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Joe Dog Software

Proudly serving the Internets since 1999

up arrow No, A Website Doesn’t Write Cookies To Your Hard Drive

Remember Netscape Navigator? Some of you might have called it Nutscrape Irritator. Ha Ha. It’s funny because it’s true.

Well back in the day, Netscape was the shizzle. All of a sudden this stupid gopher thing was filled with images and colors. We were all happily browsing in a 3D colorful world when the lamestream media “discovered” Netscape. They poked around and saw the names of sites they had visited. The names were associated with weird strings they didn’t understand.

“Hmmm, what’s this?” an intrepid cub reporter asked?

“Oh, those? They’re called cookies.”

“How did they get here?”

Now Your JoeDog doesn’t know the how that question was answered back in 1995 but fsck that guy. Since the moment some wanna-be tech writer discovered cookies, we’ve been dealing with cookie hysteria. Someone is writing things to our hard drive! Yeah, you know who’s doing that? You are.

Here’s the problem: Hypertext transfer protocol (HTTP) is stateless. You send a request to a server and it sends something back. The server doesn’t hear from you until you make another request. There’s nothing in each ensuing request to positively identify you as the person who made that last request. To get around this problem, Netscape invented the magic cookie.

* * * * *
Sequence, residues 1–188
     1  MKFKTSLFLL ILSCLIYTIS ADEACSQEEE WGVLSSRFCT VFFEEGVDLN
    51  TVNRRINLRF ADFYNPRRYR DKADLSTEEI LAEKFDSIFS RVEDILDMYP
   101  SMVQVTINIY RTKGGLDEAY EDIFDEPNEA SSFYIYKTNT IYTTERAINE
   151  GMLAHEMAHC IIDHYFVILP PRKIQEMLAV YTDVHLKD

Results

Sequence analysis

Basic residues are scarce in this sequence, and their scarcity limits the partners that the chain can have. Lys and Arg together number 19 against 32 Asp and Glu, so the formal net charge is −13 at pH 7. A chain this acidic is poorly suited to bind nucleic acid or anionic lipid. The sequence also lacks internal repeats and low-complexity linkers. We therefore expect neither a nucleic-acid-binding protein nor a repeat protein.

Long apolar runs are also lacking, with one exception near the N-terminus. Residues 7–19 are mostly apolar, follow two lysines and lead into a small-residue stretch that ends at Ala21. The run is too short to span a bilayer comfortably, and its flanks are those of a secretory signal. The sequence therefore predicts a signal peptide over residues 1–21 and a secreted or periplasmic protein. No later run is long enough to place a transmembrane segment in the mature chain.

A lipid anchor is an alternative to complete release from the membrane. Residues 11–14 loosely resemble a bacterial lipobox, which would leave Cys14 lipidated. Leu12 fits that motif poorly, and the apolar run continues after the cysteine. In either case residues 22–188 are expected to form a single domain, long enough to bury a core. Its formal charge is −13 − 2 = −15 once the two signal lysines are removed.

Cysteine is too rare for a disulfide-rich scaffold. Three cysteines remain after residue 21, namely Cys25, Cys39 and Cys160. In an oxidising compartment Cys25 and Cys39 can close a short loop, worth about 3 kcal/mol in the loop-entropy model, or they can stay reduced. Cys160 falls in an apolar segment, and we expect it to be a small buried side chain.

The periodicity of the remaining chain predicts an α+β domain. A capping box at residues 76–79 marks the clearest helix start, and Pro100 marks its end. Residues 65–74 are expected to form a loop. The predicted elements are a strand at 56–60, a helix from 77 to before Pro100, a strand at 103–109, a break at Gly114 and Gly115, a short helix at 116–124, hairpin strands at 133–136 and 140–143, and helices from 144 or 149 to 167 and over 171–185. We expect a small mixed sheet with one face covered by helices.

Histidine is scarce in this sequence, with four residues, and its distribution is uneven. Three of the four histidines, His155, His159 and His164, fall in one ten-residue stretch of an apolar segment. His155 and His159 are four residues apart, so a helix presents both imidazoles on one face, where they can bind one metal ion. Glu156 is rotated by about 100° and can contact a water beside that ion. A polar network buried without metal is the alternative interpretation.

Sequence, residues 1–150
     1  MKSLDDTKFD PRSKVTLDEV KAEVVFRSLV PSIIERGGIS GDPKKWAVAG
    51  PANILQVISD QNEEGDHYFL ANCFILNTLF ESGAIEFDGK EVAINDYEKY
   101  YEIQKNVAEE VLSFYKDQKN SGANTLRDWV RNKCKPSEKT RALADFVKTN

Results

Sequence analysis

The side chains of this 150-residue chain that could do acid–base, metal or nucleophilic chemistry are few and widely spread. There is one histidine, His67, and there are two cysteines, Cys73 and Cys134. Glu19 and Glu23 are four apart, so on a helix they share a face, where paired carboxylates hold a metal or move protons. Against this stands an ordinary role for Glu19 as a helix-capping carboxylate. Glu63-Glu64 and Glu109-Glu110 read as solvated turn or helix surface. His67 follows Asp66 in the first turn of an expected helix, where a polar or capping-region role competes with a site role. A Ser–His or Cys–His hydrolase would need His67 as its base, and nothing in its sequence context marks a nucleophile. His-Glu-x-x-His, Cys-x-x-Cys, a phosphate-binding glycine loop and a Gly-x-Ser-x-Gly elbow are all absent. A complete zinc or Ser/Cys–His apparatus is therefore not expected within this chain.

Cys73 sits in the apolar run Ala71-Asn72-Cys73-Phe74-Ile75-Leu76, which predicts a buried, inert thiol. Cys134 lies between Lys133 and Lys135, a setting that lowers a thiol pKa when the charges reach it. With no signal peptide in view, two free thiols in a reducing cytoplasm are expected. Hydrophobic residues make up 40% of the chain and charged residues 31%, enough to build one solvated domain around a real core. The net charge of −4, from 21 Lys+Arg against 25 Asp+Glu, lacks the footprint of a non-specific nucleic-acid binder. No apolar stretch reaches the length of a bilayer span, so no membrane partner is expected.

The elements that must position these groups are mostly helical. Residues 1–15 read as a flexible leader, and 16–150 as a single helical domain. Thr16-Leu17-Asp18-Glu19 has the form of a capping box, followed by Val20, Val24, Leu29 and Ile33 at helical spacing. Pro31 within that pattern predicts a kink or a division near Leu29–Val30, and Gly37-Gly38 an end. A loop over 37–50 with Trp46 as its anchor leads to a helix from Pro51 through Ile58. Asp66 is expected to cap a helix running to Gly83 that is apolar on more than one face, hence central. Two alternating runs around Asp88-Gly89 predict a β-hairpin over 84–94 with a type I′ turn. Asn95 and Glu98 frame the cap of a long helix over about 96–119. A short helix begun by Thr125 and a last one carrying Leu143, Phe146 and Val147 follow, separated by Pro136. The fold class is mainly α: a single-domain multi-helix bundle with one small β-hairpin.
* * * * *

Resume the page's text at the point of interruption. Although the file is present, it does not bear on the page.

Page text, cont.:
How does it work? We’ll nerdsplain after the jump….

For all it’s pretty pictures, snazzy colors and moving parts, the web is really just a bunch of text-based client requests and server replies. You never actually see these requests when you browse the web. They are messages that pass between your browser and a server. When you click a link, you send a request which looks similar to this:

GET / HTTP/1.0
Accept: */*
User-Agent: Googlebot   <= Ha Ha! Somebody’s forging the Googlebot!
Connection: close

Here’s what that request says to the server, “Hey, would you mind giving me the root index page. I’ll accept any type of encoding you got.”

Then the server’s all “Yeah, sure, here’s your page. Would you mind if we stay in touch? I’ll send you an identifier so I know who you are.”

HTTP/1.1 200 OK
Date: Fri, 28 Nov 2014 16:04:40 GMT
Content-Type: text/html; charset=UTF-8
Connection: close
Set-Cookie: __cfduid=dab63c1769c672d055a57e5f684b339291417190680; expires=Sat, 28-Nov-15 16:04:40 GMT; path=/;; HttpOnly
Vary: Accept-Encoding,Cookie

See that thing in bold text? That’s a cookie. It’s just one line of the key-value pairs that comprise an HTTP response header.  At this point, you have a choice. You can keep the cookie until November 28, 2015 and return it to whenever you visit the site OR you can just ignore it. If you keep the cookie, then you write it to your hard drive.  The web server has no control over that cookie once it puts it in the header.

At this point, you can return the cookie with each ensuing request or you can ignore it. If you choose to play by the rules, then your ensuing requests will look like this:

GET / HTTP/1.1
Cookie: __cfduid=d37b6c32c6d5e159582f63e71ac3b47a11417191605
Accept: */*
Accept-Encoding: gzip
User-Agent: Googlebot
Connection: close

When it received that request, my server was all “Hey, I know you — the smarmy guy who complains too much.” It knows me better than I know myself….